To be completely honest, I went into this summer with really low expectations.
I may have talked it up like I expected God to do some amazing things.
But if someone had looked me in the eyes and asked me to honestly tell them what I thought God would do through me this summer… I probably wouldn’t have had much to say.
Sure, I couldn’t help but to learn tons about myself and about my Father in heaven. I might even get to physically help some people through the medical side of the mission trip. But really, could God use a handful of college kids to actually change people’s lives in the Philippines?
My parents spent eight years working with an unreached tribe in Venezuela, but were forced out of the tribe before they were able to chronologically teach the redemptive story. I saw very little fruit come from that, so I let it taint my view of missions in general. The following four years we spent in Mexico were also fruitless because I was to busy chasing after my own happiness to let God use me. Even last summer’s stay in Honduras didn’t really help to raise my expectations. I was exactly where God wanted me to be, but my own fears of failure crippled me and didn’t allow me to see all that God had for me to do down there.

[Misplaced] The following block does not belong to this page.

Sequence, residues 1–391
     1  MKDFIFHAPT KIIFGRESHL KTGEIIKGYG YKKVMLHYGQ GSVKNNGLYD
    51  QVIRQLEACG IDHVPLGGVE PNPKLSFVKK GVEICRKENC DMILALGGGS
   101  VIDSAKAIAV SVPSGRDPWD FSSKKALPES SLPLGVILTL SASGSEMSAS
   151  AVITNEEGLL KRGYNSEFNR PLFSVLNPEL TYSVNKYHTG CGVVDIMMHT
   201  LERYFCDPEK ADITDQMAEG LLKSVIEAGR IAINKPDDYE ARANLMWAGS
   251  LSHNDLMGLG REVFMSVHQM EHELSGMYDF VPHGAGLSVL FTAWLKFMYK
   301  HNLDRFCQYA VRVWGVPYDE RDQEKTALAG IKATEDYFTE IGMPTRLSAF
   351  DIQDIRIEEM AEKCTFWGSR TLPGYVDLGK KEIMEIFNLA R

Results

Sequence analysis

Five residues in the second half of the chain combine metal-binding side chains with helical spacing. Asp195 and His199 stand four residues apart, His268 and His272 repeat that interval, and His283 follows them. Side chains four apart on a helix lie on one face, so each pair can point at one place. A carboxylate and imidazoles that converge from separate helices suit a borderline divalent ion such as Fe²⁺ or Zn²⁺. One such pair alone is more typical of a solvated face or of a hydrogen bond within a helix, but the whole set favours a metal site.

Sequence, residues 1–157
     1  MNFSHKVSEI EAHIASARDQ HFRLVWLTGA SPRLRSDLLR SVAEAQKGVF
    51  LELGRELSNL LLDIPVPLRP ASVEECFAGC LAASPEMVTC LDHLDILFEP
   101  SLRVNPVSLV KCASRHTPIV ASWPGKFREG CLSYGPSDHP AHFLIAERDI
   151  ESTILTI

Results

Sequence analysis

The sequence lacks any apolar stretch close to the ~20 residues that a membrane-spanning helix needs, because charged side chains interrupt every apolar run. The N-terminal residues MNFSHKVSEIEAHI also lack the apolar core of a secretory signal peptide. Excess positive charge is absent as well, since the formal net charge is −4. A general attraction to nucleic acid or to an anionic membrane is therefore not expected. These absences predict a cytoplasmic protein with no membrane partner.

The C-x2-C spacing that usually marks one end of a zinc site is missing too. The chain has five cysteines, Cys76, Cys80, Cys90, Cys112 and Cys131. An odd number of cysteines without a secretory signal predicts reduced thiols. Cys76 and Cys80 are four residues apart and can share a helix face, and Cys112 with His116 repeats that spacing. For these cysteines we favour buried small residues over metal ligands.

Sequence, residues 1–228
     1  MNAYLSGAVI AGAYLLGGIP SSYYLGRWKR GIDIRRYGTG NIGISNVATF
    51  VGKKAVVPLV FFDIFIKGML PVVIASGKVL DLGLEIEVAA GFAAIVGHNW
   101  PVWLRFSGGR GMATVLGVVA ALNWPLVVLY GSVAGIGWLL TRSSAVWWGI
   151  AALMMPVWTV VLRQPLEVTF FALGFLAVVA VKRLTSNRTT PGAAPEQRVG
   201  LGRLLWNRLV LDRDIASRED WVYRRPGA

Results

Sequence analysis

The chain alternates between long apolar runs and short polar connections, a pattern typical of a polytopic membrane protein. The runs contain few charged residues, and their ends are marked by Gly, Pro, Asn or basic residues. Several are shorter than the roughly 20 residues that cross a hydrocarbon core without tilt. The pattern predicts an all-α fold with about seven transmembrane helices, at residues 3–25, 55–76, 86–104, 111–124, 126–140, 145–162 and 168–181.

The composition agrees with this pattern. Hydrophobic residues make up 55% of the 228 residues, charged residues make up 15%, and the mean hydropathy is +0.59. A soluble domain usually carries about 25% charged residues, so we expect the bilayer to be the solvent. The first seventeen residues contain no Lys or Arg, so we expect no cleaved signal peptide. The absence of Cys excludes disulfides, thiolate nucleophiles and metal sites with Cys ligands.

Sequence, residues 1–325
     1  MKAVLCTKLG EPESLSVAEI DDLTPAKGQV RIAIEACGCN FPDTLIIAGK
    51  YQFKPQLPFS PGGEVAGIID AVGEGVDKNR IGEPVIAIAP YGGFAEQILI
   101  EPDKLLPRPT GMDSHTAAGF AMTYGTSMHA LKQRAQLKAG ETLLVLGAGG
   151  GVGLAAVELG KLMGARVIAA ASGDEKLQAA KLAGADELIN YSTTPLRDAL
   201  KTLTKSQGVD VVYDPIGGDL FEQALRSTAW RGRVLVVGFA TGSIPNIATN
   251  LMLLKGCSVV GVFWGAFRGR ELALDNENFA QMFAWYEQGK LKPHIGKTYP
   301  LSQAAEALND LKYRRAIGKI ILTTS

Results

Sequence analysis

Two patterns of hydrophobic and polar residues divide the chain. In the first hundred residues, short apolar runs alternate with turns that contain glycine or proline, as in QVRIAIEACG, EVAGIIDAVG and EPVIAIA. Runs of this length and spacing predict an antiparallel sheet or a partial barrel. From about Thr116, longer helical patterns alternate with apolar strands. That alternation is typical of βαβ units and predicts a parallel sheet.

All of my experience told me that long-term missions didn’t seem to yield much fruit, so why would a short-term trip be any different?
That was my outlook as I stepped out of the car for orientation in Alabama. But it didn’t last long, that night during worship I stood side by side with over 170 other college kids as we sang praises to our Father. Something compelled me to open my eyes and turn around to look at the uplifted faces behind me. And in an instant I felt my Father say to me,
“This is my army, Nothing can stand against this generation, All of hell trembles at their song.”
But even this didn’t prepare me for the work God planned for my team and I to do in our village. Three to four bible-studies every day, leading house-church every Sunday, teaching in the elementary schools, discipling anyone who wanted to walk with God more closely, and trying to love everyone even when we physically and emotionally felt like we had nothing left to give.
When we first stepped foot in the village I wasn’t sure there was a single follower of Christ there in E.G. Montilla. When we waved good-bye for the last time there were at least twenty-five people who had worshiped with us at our house-church on Sunday and who wanted to continue walking with their heavenly Father in the ways God had taught them through us.
In less than two months God used us, a group of ill-equipped, inexperienced college students, to advance His kingdom in a marvelous way. People have their entire eternities re-written because of what God spoke through us.
That utterly overwhelmed my expectations.
I serve a God who can do anything.
To Him be all glory.